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London Zoo has reopened, but with just a quarter of the 8,000 customers, they would normally allow into the zoo on a pre-pandemic day, what’s a visit to the socially distanced zoo like?
Firstly you need to book tickets in advance, which has the notable side effect of getting inside rather quick when everyone in front of you is just waving an email at the ticket barrier. The other factor is that the zoo is only partially open, with all the indoor spaces closed, and a new one-way route that has to be followed, and lots of signs about social distancing.
In a way, it’s a gentle wander around a city park, but one with fences, and animals.
Sometimes the animals chirp and chatter, although most seem rather indifferent to the humans on the other side of the fences.
And, sometimes they don’t put on an appearance at all.
The tigers, or as one child called them – the raw raws — were nowhere to be seen, one dad was indifferent to the child’s excitement at finding a porcupine, but in general, kids lifted up to see the animals and stared at live-action versions of David Attenborough documentaries.
The meerkats did what you expect, while the otters hid away leaving a heron to take over their lake. The gorillas munched and lounged around, the camel rolled around the dust and the lamas ignored everyone.
The giraffes were one of the animal stops were more people stopped, while the smaller animals were often wandered past with a quick glance.
The penguins are the star of the show as you might expect, swimming and diving around, and the deep glass walls give us landlubbers a chance to see them under the water without getting wet ourselves.
With about half the site closed, they’ve reduced the prices, and it’s a fair deal for what can just about stretch to a half-day out, although 3 hours is more realistic.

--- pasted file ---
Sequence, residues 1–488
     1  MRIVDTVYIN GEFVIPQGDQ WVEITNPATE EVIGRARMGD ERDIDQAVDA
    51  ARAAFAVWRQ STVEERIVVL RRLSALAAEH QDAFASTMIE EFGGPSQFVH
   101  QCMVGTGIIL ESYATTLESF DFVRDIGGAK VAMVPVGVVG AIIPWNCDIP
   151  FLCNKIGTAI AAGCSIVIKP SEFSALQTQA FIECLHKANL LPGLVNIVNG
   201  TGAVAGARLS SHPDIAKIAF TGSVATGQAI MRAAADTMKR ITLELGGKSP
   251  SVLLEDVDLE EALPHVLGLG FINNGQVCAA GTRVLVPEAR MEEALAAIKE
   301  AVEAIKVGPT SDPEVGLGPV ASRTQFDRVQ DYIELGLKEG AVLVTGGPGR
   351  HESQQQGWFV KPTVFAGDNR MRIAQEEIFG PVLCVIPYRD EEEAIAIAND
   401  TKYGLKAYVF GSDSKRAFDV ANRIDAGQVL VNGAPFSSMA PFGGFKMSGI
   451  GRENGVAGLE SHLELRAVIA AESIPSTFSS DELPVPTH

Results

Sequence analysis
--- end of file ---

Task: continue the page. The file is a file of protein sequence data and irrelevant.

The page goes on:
I’ve often found that with so much to do in London every week, that some of the permanent venues are always “can do that next week”, and five years later, you still haven’t been there. Since I moved to London, the zoo has long been on the “can do it next week” list, and it was nice to finally take a wander around.
Visiting at the moment is sad due to the closed venues, but also that’s an advantage in a way as a visit is both cheaper and shorter, so less overwhelming, and the much thinner crowds due to social distancing make for a more enjoyable quieter wander around the zoo. Not so good for the zoo which needs more visitors, but much nicer for the visitors who do turn up.
One recommendation, if you want to take photos, bring a decent camera – I can assure you that there were animals in most of my smartphone photos, but they were invisible in the background when I got home.
If anything it reminded me just how much effort goes into nature photography.
The exit is unsurprisingly through the shop, and an annoyingly strong sales pitch to sponsor an animal. The shop is very child-oriented, and while I am sure they know their market, a few adult goodies might have unlocked this adult’s wallet.
Was it a nice morning break from the lockdown life? Yes.
You can also upgrade a one-off ticket to an annual pass within 2 weeks of a visit.
This article first appeared on www.ianvisits.co.uk
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